Quince (Cydonia oblonga) is right at the top of my fruit-trees-I-would-plant-if-I-had-any-room-left list. Right now, I don’t have any space left in my garden to plant one. That, however, does not really stop me. I planted quince “Champion” in my parents’ garden and then, when one of the ornamental beds in ours street needed to be replanted, I went around the neighbourhood convincing people that a quince was just what we need. So now we also have the quince ”Vranja” in our street. Last year it fruited for the first time and I found out I’m not the only one who loves quince – most fruits were picked before I got there. Which I’m happy about, as hopefully, it is a small beginning of more edible plants in our urban landscape.
Quince resembles a large yellow apple or pear, but unlike those, it has to be cooked before you can eat it. Most often I just stew quinces with spices and a little sugar. Sometimes I make membrillo. But last week I made this slightly more sophisticated recipe. It is a kind of relish/chutney, with dried fruits and plenty of warming spices. It’s both sweet and sour and contrasts wonderfully with winter meals, especially those featuring winter squash. We ate it with the wild rice and winter squash salad and it is also great alongside winter squash galette. It keeps for several weeks, so you will surely find more ways to use it!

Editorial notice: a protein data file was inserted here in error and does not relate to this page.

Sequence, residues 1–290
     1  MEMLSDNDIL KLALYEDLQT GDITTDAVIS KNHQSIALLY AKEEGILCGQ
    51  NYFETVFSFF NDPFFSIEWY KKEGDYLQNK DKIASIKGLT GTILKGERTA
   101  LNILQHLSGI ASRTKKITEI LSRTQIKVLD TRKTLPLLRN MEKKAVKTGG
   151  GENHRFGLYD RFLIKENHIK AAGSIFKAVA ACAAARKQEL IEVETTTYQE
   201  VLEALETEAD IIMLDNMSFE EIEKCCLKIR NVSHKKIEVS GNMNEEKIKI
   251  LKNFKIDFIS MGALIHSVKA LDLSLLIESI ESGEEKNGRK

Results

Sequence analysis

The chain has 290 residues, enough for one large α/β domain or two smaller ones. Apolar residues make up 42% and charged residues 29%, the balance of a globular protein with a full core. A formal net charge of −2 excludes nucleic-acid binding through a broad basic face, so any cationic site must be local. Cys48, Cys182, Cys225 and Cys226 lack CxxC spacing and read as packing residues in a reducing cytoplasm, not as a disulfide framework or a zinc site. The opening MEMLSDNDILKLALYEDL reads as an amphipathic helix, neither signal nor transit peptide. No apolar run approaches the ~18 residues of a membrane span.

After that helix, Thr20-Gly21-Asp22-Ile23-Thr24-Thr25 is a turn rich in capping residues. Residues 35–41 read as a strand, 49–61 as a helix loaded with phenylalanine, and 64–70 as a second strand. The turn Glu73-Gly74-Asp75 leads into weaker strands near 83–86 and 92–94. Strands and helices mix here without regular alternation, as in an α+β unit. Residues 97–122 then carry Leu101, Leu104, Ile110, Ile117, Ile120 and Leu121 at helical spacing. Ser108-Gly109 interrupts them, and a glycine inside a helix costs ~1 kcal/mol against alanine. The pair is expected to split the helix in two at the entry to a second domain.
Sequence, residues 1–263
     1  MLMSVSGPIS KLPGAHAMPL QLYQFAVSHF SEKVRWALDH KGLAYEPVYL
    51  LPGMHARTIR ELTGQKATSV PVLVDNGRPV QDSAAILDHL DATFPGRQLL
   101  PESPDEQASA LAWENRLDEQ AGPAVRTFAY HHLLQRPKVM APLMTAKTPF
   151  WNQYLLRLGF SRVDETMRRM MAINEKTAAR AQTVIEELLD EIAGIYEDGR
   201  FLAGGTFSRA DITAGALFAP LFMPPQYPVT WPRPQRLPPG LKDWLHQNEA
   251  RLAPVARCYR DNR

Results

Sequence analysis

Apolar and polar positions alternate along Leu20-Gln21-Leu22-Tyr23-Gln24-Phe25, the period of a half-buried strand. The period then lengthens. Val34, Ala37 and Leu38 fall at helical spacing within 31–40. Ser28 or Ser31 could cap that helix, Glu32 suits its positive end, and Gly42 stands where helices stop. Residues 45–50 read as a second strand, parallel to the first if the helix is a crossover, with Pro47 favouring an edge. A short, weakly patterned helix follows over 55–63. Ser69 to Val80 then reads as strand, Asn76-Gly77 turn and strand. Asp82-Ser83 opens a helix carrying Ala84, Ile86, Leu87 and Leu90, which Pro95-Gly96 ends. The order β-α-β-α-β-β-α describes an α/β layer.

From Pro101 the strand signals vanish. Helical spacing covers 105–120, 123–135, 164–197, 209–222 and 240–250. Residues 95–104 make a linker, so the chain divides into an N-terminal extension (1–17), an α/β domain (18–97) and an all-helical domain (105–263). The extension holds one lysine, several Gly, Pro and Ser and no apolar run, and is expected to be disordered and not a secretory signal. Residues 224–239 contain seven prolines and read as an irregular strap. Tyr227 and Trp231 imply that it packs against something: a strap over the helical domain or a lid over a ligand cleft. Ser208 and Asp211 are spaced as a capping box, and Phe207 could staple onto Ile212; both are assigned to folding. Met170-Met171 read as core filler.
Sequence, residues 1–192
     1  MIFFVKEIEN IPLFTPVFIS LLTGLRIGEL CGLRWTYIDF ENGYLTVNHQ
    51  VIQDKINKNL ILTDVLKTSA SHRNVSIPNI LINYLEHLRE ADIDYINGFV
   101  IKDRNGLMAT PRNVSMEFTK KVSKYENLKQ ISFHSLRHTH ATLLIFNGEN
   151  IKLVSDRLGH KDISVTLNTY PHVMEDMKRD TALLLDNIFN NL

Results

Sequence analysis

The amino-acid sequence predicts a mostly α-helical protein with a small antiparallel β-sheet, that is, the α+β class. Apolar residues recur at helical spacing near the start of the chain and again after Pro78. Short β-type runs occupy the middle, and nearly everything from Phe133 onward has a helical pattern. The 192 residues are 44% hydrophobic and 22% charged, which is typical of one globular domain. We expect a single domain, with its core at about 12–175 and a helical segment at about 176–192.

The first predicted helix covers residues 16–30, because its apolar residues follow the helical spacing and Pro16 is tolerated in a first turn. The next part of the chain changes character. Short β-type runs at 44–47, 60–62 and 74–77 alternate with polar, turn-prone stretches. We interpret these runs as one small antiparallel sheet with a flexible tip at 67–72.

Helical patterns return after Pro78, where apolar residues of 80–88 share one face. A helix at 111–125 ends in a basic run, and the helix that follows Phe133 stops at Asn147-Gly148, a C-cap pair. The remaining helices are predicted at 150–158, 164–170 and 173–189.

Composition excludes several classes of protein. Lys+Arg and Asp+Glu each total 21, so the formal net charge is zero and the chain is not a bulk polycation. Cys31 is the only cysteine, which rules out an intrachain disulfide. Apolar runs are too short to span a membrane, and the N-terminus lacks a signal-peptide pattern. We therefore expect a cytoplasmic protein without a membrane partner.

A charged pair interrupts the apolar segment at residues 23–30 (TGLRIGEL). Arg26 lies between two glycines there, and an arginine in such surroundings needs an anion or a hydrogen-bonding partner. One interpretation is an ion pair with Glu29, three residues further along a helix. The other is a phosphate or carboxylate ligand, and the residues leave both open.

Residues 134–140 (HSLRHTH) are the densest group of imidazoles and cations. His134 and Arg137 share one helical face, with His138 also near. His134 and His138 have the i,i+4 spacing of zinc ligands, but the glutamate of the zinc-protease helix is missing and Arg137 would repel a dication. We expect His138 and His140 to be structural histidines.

One year ago: Carrot, apple and walnut muffins
Sweet and sour quinces with dried fruits
Adapted from Deborah Madison: Vegetarian Cooking for Everyone
2 ripe yellow quinces (about 1/2 kilo/ 1pound)
1 tsp salt
110 g (½ cup ) raw cane sugar
75 g (1/3 cup) dark brown sugar (I used Muscovado)
60 ml (¼ cup) apple cider vinegar
1 tsp coriander seeds
¼ tsp black peppercorns
1/3 cup dried cranberries
1/3 cup dried raisins
1/3 cup diced dried apricots
Cut the quinces into eights, like apples. Peel and core each piece, then slice crosswise into small pieces 1 cm (slightly less than ½ inch) thick. Put the quinces, 500 ml (2 cups) water and 1 tsp salt in a saucepan and bring to boil for 5 minutes. Add the sugars, cider vinegar and spices, then cook over low heat, uncovered, until the quinces turn pink, about 45 to 60 minutes. If needed, add more water. Add the dried fruits and cook until they are soft, 12 to 15 minutes. Taste and season with balsamic vinegar (I used about 2 tsp – but it depends on the quality of your vinegar and your taste). Store in a clean jar in the refrigerator for several weeks.